With its gleaming Vegas Strip and stucco sprawl, Nevada has portrayed itself as a model of the civilized West. But every so often, such as Tuesday, holdovers from its boisterous beginnings show up at the Capitol -- and they are named Chicken Ranch, Pussycat Ranch and Shady Lady.
Here's Nevada's dirty little secret: Many lawmakers would like to keep the state's legal brothels a dirty little secret.
Never mind the Silver State's history of profiting off taboos or the potential cash a state tax on prostitution could bring. Each time legislators have considered such a tax, they've reacted with all the squeamishness of a teenager whose parents want to talk about the birds and the bees.
But with Nevada facing a budget gap as big as $3 billion and potentially huge cuts to education and social services, state Sen. Bob Coffin convened a hearing Tuesday in Carson City to discuss a state tax on prostitution. (Local governments already tax the bordellos.)
If only for an afternoon, legislators were forced to reconcile the Nevada of madams and gunslingers with the Nevada of multinational corporate giants.
"Can we be so proud as to refuse money that is offered from a legal business?" Coffin, a Democrat, asked at the hearing's outset.
Over the next few hours, brothel owners thanked lawmakers for even letting them in the building. They used the word "respectability." A lot. Three legal sex workers advocated for the proposal, while prostitution researcher Melissa Farley derided the whole thing as an "act of legislative pimping."
Through it all, some lawmakers lowered their eyes and squirmed. Democratic Sen. Terry Care made a point to tell the packed hearing room that his silence should not be construed as approval.
"I don't agree it's respectable, and I don't agree it's acceptable," he said. "It is legal."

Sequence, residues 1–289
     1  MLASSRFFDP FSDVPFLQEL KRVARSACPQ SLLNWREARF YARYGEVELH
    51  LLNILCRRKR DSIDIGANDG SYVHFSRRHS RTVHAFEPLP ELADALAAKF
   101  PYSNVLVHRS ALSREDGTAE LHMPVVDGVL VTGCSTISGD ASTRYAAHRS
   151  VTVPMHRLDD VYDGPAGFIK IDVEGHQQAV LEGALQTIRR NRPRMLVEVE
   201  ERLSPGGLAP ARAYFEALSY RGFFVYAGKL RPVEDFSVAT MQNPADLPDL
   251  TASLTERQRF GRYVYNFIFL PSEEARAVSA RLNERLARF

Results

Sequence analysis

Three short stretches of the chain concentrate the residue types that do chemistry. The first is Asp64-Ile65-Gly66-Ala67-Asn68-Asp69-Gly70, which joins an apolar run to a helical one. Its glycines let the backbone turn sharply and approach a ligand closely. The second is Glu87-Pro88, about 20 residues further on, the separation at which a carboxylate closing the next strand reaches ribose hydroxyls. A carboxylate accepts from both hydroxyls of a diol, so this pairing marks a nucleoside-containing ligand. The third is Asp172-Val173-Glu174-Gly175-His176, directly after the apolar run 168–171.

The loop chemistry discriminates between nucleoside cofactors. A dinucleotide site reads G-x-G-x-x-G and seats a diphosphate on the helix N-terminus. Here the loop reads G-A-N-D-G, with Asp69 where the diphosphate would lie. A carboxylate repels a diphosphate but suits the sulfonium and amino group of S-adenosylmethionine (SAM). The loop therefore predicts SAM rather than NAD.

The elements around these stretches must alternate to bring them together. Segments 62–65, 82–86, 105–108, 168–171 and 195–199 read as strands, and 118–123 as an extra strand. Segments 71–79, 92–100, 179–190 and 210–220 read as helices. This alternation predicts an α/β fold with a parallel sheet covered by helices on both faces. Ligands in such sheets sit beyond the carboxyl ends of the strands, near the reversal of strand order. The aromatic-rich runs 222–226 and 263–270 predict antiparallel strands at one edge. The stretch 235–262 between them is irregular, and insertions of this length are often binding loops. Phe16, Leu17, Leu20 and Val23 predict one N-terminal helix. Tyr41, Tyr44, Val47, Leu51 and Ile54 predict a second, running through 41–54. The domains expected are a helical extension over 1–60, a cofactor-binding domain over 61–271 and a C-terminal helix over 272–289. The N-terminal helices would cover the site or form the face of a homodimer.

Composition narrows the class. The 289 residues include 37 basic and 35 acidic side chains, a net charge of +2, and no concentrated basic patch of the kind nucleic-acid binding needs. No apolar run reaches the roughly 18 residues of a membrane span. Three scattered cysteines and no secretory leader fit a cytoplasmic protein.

The brothels, which are banned in the counties that include Reno and Las Vegas, are a mixed blessing for the state. Their mere existence helps Vegas sell itself as Sin City, and the HBO show "Cathouse," set at the Moonlite BunnyRanch, essentially advertises Nevada's illicit offerings. But when, for example, Rep. Trent Franks (R-Ariz.) wanted to needle Sen. Harry Reid (D-Nev.), he mistakenly claimed Reid supported a taxpayer-funded "red light express" train from the BunnyRanch to Disneyland.
The brothel owners' desire for respectability goes back years.
About a decade ago, said George Flint, the longtime Nevada Brothel Assn. lobbyist, the famed Mustang Ranch threw a steak and lobster party for legislators. Only three showed up.
Though many brothel owners have long supported being taxed -- Flint calls it "a wonderful life insurance policy" -- they could never wrangle the votes. It probably didn't help, Flint said, the year he joked that grateful brothels would mount photos of the then-governor on their walls.
"The Nevada Legislature is like an ostrich, and with this they want to stick their head in the sand," said Eric Herzik, chairman of the political science department at the University of Nevada, Reno.
Coffin's proposal, Senate Bill 369, would require a $5 tax on a prostitute's services. The brothel association estimated that, even with business plummeting during the recession, bordellos get about 365,000 patrons a year. The bill would also establish a state ombudsman who would, in part, help steer sex workers to other professions.
The hearing ended without a vote, and the proposal will probably die in the Senate Taxation Committee unless legislators take action this week.
The plan has stirred up all sorts of scorn -- and some interesting logic.
Republican Gov. Jim Gibbons told the Las Vegas Review-Journal: "I'm not a supporter of legalizing prostitution in Nevada. So by taxing it, there's a recognition of the legality of it."
In the 1970s, Nevada allowed some counties to license brothels, in keeping with its tradition of embracing things, such as prizefighting and gambling, that others branded as sins.
But ever since the neon-signed bordellos were codified, folks have pressed to outlaw them. (In 2004, Churchill County voted for both President George W. Bush and keeping prostitution legal -- the latter by a 2-to-1 margin.)
On Tuesday, the hearing often veered into whether brothels were a legitimate enterprise. Flint said it was only the second time in 25 years that his clients had appeared before the Legislature.
"My client is a legal, respectable, licensed industry," he said, and others tried to convince the panel of the same.
Dennis Hof, owner of the BunnyRanch, said, "We're the world's oldest profession, and these are working professionals."
Deanne Salinger, who works at the BunnyRanch as "Air Force Amy," said, "If $5-a-person can raise $2 million a year, I'm all for it."
But Ken Green, who runs the Chicken Ranch, acknowledged that, despite the testimony, the brothel business wasn't quite like all the rest. He told the committee that should a prostitution tax be passed, he would prefer it show up on a credit card receipt with a more subtle name.